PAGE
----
Premature birth is the birth of a baby before the end of the nine-month pregnancy term. Medically referred to preemies, these babies are often at risk of additional complications like hearing or vision problems, delays in development, or cerebral palsy.
The primary symptoms of premature birth include excessive vaginal bleeding during pregnancy, fluid leaking from the vagina, or uterine contractions that are less than ten minutes apart. While there is no definite cause for premature birth, women who suffer from obesity, PCOS, diabetes, anorexia, or high blood pressure are often considered at risk.
According to the March of Dimes Multicenter Prematurity and Prevention Study, carrying twins or triplets can also trigger premature labor. This is why expectant mothers are often hospitalized or put on bed rest a few weeks before their due date. According to medical professionals, the risks of infant mortality is far higher in drastically shorter pregnancies.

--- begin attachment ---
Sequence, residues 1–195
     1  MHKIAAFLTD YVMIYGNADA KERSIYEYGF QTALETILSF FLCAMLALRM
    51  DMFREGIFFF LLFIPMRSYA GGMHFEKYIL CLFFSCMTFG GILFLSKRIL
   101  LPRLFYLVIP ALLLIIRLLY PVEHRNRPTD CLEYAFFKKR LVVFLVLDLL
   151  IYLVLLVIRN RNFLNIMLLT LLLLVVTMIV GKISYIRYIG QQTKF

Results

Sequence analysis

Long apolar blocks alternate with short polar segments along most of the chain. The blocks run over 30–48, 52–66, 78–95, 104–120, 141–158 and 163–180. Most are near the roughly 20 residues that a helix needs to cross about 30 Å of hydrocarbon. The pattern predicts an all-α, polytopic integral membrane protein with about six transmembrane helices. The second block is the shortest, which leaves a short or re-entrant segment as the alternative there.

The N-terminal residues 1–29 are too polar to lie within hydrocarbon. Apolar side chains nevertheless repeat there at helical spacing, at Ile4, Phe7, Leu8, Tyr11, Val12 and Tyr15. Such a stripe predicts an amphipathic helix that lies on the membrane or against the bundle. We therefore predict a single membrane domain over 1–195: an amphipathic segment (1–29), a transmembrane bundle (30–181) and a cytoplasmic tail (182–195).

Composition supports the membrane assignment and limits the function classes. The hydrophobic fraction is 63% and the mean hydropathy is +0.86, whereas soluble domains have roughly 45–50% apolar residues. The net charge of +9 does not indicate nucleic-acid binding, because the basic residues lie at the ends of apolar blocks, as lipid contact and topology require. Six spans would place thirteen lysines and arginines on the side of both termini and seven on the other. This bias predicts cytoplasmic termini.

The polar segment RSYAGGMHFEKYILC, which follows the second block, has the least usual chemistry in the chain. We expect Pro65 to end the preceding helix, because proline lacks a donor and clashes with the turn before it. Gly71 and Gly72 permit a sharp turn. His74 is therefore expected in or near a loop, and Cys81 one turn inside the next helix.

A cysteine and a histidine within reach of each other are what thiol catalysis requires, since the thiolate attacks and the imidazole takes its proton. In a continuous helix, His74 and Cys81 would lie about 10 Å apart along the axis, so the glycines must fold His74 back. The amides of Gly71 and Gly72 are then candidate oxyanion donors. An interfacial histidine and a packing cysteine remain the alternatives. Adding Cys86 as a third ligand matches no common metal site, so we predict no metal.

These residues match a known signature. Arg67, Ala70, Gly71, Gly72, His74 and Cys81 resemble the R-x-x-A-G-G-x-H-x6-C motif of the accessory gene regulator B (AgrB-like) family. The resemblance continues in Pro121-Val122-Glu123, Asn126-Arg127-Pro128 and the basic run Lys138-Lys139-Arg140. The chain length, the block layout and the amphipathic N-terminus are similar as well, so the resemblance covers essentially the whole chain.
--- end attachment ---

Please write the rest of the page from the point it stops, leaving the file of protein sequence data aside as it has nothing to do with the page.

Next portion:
Women with a shorter or weaker cervix are also at increased risk of premature labor. This can also affect expectant mothers who suffer from clinical depression or severe anxiety. Antibiotics, progesterone, and cervical cerclage (better known as cervical stitch) are often used to lower the risks of premature birth.